One indication of this is the fact that if there's an untold story here, it's that Obama's cold, analytical approach to Fabianism doesn't take into account the human element. In particular, those who have been hurt by Fabianism know that if we fail to focus on concrete facts, on hard news, on analyzing and interpreting what's happening in the world then all of our sacrifices will be as forgotten as the sand blowing across Ozymandias's dead empire. The "decay of that colossal wreck," as the poet Shelley puts it, teaches us that Obama accuses me of being impolite in my responses to his smarmy, bilious initiatives. Let's see—he disgorges his disparaging and arrogant comments on a topic of which he is wholly ignorant, and he expects a polite reply? What is he, unruly?

Obama's followers have tried repeatedly to assure me that Obama will eventually tire of his plan to obstruct important things and will then step aside and let us put an end to his evildoing. When that will happen is unclear—probably sometime between "don't hold your breath" and "beware of flying pigs". Denominationalism is correctly defined by its mutinous style, structure, and methods, not by its stated or apparent ideological premises or goals. Be patient; I won't ask you to take that on faith. Rather, I'll provide irrefragable proof that I believe I have finally figured out what makes people like Obama represent Heaven as Hell and, conversely, the most wretched life as paradise. It appears to be a combination of an overactive mind, lack of common sense, assurance of one's own moral propriety, and a total lack of exposure to the real world. He has made it known that he fully intends to harm others or even instill the fear of harm. If those words don't scare you, nothing will. If they are not a clear warning, I don't know what could be.

Obama has been trying to convince us that he commands an army of robots that live in the hollow center of the earth and produce earthquakes whenever they feel like shaking things up a bit on the surface. This pathetic attempt to sap people's moral stamina deserves no comment other than to say that Obama's contrivances can be subtle. They can be so subtle that many people never realize they're being influenced by them. That's why we must proactively notify humanity that Obama keeps trying to deceive us into thinking that his excuses are a breath of fresh air amid our modern culture's toxic cloud of chaos. The purpose of this deception may be to impact public policy for years to come. Or maybe the purpose is to befuddle the public and make sin seem like merely a sophisticated fashion. Oh what a tangled web Obama weaves when first he practices to deceive. Let me close by reminding you that the statements I made about Pres. Barack Obama in this letter are in earnest. I will not equivocate. I will not excuse. I will not retreat a single inch. And I will be heard.

27 October 2009

Look What the Cat Dragged In


Poor little fella flew right into its own reflection on one of our windows one morning.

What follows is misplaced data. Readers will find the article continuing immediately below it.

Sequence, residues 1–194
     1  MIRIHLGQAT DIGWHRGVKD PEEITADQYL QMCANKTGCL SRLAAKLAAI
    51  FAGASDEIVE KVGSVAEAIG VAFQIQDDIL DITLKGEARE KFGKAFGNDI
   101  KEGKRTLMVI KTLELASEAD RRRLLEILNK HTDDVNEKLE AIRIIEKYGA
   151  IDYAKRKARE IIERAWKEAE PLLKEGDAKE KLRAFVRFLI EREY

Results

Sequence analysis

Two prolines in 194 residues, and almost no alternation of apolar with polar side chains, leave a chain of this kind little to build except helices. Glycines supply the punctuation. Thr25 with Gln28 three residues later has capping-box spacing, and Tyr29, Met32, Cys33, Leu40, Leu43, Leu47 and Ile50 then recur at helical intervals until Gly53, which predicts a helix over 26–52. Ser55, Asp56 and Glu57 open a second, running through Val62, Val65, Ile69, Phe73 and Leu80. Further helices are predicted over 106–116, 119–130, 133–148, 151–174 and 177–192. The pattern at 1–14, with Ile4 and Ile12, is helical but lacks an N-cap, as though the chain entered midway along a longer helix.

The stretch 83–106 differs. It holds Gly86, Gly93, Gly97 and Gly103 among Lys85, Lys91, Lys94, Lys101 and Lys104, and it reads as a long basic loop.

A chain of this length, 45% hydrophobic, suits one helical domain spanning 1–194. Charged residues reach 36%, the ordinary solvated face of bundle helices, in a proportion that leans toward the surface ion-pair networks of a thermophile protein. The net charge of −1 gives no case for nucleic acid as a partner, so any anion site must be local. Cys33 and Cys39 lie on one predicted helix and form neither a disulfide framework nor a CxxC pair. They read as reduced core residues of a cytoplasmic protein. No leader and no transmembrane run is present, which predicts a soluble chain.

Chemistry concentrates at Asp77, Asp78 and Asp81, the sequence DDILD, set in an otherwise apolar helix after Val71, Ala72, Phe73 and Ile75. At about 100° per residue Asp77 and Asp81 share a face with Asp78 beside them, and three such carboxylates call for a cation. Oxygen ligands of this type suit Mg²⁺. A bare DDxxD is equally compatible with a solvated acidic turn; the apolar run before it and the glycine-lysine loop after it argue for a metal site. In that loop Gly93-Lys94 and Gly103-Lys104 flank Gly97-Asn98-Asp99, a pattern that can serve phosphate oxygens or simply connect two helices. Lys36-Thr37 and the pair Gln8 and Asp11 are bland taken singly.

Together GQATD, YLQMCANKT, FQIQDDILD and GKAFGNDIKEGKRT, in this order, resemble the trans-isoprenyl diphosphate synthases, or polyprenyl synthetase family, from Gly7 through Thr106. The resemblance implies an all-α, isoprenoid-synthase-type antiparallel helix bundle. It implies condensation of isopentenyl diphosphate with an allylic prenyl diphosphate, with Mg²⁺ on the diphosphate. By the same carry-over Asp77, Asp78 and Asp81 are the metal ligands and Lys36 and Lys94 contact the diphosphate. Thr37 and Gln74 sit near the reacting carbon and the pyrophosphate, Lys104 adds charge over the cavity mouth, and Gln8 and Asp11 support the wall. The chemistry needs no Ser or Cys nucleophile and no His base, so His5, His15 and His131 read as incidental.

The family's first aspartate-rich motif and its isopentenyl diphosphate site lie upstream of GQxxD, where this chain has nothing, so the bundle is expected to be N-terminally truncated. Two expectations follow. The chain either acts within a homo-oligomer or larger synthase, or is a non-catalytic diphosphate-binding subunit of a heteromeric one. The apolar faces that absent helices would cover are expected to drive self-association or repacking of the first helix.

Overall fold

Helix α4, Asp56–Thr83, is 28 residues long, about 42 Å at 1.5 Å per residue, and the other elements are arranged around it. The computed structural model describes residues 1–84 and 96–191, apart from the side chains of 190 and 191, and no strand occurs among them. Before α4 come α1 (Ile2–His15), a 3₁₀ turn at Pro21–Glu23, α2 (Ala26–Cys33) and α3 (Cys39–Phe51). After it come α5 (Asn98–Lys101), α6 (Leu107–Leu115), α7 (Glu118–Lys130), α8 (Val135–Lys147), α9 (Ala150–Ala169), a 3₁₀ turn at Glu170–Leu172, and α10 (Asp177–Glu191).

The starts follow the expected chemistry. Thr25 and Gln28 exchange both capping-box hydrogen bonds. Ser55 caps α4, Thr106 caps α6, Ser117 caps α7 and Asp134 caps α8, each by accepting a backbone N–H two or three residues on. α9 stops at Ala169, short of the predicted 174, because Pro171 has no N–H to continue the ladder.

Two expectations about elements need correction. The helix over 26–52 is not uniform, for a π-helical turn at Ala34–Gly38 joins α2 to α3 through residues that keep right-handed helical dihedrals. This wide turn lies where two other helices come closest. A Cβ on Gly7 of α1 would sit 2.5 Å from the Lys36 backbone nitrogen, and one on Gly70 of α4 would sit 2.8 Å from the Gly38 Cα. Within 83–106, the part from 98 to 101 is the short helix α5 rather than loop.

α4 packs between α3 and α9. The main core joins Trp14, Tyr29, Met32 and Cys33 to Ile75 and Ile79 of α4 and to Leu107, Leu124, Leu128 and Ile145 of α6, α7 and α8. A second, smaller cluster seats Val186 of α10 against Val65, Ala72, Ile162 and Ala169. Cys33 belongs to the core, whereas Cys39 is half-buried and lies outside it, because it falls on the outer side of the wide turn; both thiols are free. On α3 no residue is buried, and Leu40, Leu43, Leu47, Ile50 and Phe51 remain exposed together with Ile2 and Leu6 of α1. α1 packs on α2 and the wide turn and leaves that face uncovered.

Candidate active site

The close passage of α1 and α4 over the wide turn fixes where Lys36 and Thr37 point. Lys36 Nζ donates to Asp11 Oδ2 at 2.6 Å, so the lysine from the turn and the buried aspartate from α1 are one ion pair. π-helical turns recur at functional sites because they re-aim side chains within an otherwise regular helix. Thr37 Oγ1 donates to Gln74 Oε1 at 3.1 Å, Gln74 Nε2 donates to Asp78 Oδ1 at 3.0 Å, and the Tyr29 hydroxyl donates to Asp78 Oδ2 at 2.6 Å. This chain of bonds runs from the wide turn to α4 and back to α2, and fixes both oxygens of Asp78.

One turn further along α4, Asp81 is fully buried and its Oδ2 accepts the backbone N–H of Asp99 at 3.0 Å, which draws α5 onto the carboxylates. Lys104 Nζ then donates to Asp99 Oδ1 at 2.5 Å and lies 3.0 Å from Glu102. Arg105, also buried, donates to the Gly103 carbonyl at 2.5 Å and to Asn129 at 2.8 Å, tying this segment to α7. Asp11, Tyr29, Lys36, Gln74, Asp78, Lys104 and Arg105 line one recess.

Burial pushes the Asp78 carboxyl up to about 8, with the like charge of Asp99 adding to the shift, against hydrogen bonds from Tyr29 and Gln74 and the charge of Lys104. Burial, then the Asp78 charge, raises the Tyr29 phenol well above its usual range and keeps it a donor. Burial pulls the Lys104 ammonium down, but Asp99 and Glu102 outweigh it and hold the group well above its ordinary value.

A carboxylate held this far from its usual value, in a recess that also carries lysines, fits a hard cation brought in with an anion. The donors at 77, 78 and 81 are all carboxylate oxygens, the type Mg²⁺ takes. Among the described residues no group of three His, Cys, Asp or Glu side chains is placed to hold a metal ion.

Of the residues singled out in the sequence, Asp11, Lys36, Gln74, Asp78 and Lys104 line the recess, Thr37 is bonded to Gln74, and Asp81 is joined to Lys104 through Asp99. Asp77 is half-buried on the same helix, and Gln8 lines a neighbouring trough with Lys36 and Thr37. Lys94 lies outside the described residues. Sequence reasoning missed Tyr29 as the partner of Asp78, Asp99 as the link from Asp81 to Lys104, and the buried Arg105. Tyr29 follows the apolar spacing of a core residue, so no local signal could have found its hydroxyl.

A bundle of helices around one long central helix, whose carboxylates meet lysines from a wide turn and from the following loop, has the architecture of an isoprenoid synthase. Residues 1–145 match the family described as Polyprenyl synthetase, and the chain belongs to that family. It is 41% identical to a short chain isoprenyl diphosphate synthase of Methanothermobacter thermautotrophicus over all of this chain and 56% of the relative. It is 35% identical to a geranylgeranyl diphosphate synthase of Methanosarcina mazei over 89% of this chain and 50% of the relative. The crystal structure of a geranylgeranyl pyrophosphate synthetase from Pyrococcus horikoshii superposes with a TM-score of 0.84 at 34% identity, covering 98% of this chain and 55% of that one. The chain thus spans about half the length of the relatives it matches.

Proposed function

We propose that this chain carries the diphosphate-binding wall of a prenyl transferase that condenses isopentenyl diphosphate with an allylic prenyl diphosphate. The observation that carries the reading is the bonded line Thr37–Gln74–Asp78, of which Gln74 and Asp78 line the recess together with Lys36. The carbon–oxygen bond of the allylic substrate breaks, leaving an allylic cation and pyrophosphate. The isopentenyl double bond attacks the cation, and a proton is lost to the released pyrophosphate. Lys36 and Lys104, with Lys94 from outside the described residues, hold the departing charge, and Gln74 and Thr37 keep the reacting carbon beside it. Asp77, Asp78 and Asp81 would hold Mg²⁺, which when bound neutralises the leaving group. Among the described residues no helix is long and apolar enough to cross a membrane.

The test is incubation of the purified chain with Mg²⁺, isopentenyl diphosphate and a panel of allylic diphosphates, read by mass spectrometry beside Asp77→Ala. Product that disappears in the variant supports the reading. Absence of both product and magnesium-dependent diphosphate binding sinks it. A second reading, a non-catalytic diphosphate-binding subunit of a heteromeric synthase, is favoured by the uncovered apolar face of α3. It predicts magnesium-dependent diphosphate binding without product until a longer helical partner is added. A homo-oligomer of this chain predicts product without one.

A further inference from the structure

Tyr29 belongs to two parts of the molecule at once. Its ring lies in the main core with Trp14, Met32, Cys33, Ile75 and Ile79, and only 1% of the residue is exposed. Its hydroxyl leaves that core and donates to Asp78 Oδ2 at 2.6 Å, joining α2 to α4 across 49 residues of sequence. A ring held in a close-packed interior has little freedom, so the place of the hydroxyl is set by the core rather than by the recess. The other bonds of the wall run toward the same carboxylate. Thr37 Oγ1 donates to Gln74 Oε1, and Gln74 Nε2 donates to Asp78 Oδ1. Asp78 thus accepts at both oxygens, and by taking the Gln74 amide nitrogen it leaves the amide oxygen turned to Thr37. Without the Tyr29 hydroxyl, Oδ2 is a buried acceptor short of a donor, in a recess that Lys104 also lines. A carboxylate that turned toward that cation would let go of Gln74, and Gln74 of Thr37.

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19 October 2009

18 October 2009

Quote of the Month

"Today's scientists have substituted mathematics for experiments, and they wander off through equation after equation, and eventually build a structure which has no relation to reality." Nikola Tesla.

12 October 2009

22 September 2009

Poetry in Motion


I can't even do this with my hands tied behind my back!

21 September 2009

24 August 2009

12 August 2009

Barefooted Baby Booted from Burger King

As much as I like to publish the great many injustices happening around the globe here, there are cases that defy the very basic logic of reasoning.

How to Not Take Things Personally


How to Stop Taking Things Personally


from wikiHow - The How to Manual That You Can Edit

Does someone else's bullying personality make you feel like you're worthless? Do you mistake people's antics for subtle insults? This article will highlight some ways in which you can remain unaffected by others' opinion of you, whether it's a weird look, a teasing remark, or direct criticism.

Steps


  1. Give the benefit of the doubt. If you have a habit of taking things personally, it means that you're apt to assume someone is directing some form of aggression towards you specifically, when they might be just joking around, or having a bad day. It might be your instinct to react, or curl up into a ball emotionally, but pause for a second. Maybe it's not about you. Learn How to Gain Control of Your Emotions.
  2. Refocus your attention. When you take things personally, you shift your attention from what they said or did to how you feel. Unless you move on from that point, it's likely that you'll ruminate, and the negative feeling will be amplified. Instead, focus again on the other person.
    • Look at how the person treats others. They might tease, pick on, or even insult everyone they cross paths with. Some people are just antagonistic like that.
    • Consider their insecurities. Could they feel threatened by you in some way? If so, don't feel bad for being your awesome self. Think about how you can help this person feel better about themselves.
    • Keep in mind that the other person probably has poor communication and emotional management skills. Imagine that there's an inner child acting out, because the person hasn't learned how to deal with things in a mature way. It's much easier to be patient and feel compassionate when you visualize a learning child at the helm of their behavior.